Both Tuareg and Islamist rebels have agreed to join hands to work together in Northern Mali which they have seized control of.
The National Movement for the Liberation of Azawad (Tuareg MNLA) and the Ansar Dine movement struck a deal to create a separate Islamic state in Northern Mali.
"The agreement reached this evening will see the merging of the two movements - the MNLA and Ansar Dine - to create an independent Islamic state," MNLA spokesperson Mohamed Ag Attaher was quoted by Reuters as saying.
The movements said they have created a transitional council of the Islamic state of Azawad and were in complete favour of its independence.
"It will also see the merging of our two forces and the appointment of an executive authority for the Azawad state," Attaher added.
The rebels have been divided for long by the ideologies of the secular Tuareg and Islamist Ansar Dine.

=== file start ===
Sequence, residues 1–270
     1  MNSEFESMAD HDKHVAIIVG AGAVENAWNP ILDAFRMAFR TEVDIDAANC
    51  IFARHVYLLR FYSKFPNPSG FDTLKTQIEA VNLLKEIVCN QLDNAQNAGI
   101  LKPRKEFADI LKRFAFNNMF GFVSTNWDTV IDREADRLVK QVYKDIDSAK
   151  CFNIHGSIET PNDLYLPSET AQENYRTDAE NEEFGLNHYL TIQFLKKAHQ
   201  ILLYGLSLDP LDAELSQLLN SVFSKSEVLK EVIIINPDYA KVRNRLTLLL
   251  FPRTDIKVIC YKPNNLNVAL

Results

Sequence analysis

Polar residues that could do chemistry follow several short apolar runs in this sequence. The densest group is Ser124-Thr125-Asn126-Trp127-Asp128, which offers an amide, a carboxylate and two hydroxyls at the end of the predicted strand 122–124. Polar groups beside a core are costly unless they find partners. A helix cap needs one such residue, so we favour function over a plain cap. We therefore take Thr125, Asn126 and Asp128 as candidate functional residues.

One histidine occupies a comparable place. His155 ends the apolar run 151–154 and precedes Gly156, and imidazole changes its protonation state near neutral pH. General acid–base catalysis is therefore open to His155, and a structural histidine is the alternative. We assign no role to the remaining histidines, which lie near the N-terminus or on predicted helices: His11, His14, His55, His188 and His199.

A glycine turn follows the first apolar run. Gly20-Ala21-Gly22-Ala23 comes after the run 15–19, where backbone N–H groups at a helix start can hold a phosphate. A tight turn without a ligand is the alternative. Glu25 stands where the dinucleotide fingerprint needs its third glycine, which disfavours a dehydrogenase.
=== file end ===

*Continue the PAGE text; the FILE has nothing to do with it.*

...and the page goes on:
This will be considered as a major change in the country of northern Mali which was captured during a coup.
They signed the agreement in the northern town of Gao on Saturday night amidst celebratory gunfire.
The development could be worrisome for a few, as the Ansar Dine reportedly has links with Islamic militant groups including the al-Qaida of Africa. The group is allegedly involved in kidnapping of foreigners and suicide bombings in the region.
This is also expected to create fresh problems for the southern Mali as well as for the West African bloc ECOWAS.
The agreement comes at a time when Mali's interim president Dioncounda Traore is in France on a private visit and is scheduled to return to the country only a week later.
Both the groups took control of northern Mali ousting the then government by the end of March.
The Tuareg rebels launched an attack on the Malian army in January which was later strengthened by the arrival of the Islamist Ansar Dine movement.